Against the Elks, he was intercepted twice, one a 56-yard pick-six he forced after a fumbled snap. The second was a correct read — hitting Justin McInnis on an out — but he put the ball too far behind his receiver, allowing Darrius Bratton to wrestle it away.

And at the end of the first half at the Elks five-yard line, he elected for deeper throws that went incomplete instead of hitting the underneath receivers for what would have been touchdowns.

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“It’s my accuracy. I think I’m going to the right guys, and just leaving it behind them,” said Adams, who has thrown five picks in the last two games after having three in the previous five games.

“I talked to the quarterbacks and Jordan (Maksymic, offensive coordinator) earlier this week. I told them I’m all ears for whatever I can do to get better, whether it’s my shoulder opening up too much, me over-striding … I don’t know. I’ve been working on it here at practice this week.

“I just threw three interceptions last game and I threw two this game, and it kind of got to me a bit. … I just want to win. I don’t want to throw interceptions, I don’t want to turn the ball over and hurt our team that way, but I don’t want to play safe either.”

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The birds-eye view shows he is doing just fine. Adams has a CFL-high eight 300-yard games and is just 37 yards behind Calgary’s Jake Maier for the league lead in passing yards (in two fewer games). Of the other five quarterbacks who have cracked 3,000 passing yards this year, his completion percentage (68.4) is among the best.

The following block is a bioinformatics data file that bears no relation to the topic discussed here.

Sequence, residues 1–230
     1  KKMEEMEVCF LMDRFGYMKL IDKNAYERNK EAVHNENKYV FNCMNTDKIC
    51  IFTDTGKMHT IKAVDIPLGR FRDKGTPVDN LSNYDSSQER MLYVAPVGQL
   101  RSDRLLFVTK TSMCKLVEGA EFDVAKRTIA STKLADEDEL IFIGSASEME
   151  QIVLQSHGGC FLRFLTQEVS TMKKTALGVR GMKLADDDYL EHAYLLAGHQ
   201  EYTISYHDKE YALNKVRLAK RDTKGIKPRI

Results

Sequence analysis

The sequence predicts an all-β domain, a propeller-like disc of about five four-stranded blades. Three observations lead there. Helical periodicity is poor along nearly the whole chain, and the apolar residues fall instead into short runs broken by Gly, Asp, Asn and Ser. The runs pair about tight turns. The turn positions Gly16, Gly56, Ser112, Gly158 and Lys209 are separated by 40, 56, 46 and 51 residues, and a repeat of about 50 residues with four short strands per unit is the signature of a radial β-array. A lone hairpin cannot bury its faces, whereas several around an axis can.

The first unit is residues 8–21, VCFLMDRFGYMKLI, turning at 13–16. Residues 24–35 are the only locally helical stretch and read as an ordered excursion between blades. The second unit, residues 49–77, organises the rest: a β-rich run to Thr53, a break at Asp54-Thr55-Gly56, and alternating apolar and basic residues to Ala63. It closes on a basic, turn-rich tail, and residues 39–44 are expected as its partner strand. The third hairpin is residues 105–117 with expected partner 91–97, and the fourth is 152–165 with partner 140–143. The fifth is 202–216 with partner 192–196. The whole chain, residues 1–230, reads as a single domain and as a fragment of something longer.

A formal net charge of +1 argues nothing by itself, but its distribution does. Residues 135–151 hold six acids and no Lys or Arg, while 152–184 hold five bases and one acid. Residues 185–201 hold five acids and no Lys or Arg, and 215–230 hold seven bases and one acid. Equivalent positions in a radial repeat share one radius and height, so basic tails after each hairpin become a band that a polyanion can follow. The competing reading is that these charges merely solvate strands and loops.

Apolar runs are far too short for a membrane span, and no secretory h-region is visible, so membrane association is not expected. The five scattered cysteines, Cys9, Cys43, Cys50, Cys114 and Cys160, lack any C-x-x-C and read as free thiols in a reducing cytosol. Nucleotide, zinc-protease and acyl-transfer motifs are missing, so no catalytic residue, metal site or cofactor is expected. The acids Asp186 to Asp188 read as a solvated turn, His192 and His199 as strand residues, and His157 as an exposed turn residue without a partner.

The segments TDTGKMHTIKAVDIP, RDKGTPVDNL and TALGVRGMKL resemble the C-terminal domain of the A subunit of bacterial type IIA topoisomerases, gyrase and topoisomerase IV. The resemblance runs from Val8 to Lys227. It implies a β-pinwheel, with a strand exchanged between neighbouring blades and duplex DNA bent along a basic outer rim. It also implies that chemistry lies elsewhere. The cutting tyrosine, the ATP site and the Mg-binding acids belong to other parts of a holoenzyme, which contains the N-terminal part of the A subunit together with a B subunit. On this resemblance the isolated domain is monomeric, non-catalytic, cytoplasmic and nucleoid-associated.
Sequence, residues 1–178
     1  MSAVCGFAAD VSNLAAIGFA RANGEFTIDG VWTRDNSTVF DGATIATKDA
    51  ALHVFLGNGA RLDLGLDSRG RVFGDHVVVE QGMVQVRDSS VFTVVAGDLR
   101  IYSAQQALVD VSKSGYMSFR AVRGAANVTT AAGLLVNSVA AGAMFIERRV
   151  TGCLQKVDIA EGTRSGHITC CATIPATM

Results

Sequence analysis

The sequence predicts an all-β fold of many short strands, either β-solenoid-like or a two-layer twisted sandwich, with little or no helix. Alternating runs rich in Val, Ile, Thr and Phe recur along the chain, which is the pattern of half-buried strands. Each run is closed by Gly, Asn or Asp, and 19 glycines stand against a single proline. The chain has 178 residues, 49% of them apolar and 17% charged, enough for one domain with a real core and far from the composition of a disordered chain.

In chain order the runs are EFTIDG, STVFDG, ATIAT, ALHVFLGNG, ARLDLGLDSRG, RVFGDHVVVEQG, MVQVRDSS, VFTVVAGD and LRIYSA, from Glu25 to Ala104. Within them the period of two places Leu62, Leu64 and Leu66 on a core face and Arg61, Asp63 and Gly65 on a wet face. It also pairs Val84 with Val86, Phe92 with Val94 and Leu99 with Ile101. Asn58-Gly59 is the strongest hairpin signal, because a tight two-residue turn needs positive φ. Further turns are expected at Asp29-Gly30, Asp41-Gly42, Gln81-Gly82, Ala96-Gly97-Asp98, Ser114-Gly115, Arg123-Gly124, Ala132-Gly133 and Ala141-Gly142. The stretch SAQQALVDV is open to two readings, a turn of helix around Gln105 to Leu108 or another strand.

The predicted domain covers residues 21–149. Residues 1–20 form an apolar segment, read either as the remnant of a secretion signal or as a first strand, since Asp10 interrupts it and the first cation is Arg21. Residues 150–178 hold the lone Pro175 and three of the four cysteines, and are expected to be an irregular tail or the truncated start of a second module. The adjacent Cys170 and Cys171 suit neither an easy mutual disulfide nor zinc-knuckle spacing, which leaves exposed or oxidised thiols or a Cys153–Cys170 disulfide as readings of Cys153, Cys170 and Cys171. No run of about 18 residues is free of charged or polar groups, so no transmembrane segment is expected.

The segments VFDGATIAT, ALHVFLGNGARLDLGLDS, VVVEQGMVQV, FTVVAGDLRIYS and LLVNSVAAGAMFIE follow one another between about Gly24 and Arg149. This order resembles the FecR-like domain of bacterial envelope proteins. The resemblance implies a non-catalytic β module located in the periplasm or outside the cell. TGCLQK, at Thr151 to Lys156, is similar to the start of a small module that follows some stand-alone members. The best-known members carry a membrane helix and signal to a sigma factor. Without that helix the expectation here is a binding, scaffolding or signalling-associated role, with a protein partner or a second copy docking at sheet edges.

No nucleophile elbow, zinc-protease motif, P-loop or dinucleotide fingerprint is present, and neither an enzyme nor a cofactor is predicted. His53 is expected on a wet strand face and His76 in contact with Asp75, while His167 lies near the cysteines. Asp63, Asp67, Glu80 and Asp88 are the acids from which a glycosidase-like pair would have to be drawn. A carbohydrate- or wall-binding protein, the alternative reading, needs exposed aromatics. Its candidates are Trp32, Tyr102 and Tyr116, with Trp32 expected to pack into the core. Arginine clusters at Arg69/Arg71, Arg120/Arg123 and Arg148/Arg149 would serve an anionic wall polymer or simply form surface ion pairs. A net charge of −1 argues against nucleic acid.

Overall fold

“He needs to stay aggressive and keep playing,” said Campbell. “Obviously, we don’t want to throw interceptions — and he doesn’t — but at the same time, I don’t want him to play perfect. I don’t think players play well if they’re trying to be perfect with everything. We want to make good decisions and make them fast.

“We talked about being mostly right and fast as opposed to second guessing (ourselves). We’ll do our best to take care of the ball — that’s obviously very important — but also we need to make each other right when something goes wrong.”

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Mario Alford, Roughriders returner
Saskatchewan punt returner Mario Alford runs the ball against the Lions in Regina on Aug. 20. Photo by Heywood YU/CP /PNG


Saskatchewan’s Mario Alford leads the league in combined yards (2,005) and has three return touchdowns this season, including a two-score magnum opus against the Calgary Stampeders that made him the all-time team leader in return touchdowns.

But every game he has scored in, the Riders have lost, including last week’s league-long 107-yard scoring scoot against Ottawa in a 36-28 defeat.

Do those scores feel wasted?

“No. Not ever,” he told the media after last week’s game.

“You never want to give up no matter what the score is, no matter what the circumstance is, you never want to give up. You never let the coaches nor anyone else see you give up.

“We just got to keep battling. Keep champing at the bit,” he added of his team’s three-game slide.

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“When times get tough like this, we got to dig deep and figure out what unity is. … We’re not going to quit. We’re just going to keep fighting and see where we go.”


B.C. trailed by 18 points heading into the fourth quarter of their last meeting with the Riders, a 34-29 loss, but came within a fingertip of pulling off a remarkable comeback. 

Trailing by five with two minutes left at the Riders’ 23, Adams had his pass go off the outstretched hand of Keon Hatcher in the end zone. They ended up having to settle for a field goal, and never got the chance to make another drive. 

It’s been a trend for the Riders all year. In their current three-game skid, they have allowed an average of 41 ppg, but have led in each game. The issue is they have been outscored in the second half in their last seven games. 

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B.C., meanwhile, leads the league in fourth-quarter scoring with 122 points, going plus-54 in the final frame, and have a 6-1 record in games decided in the final three minutes.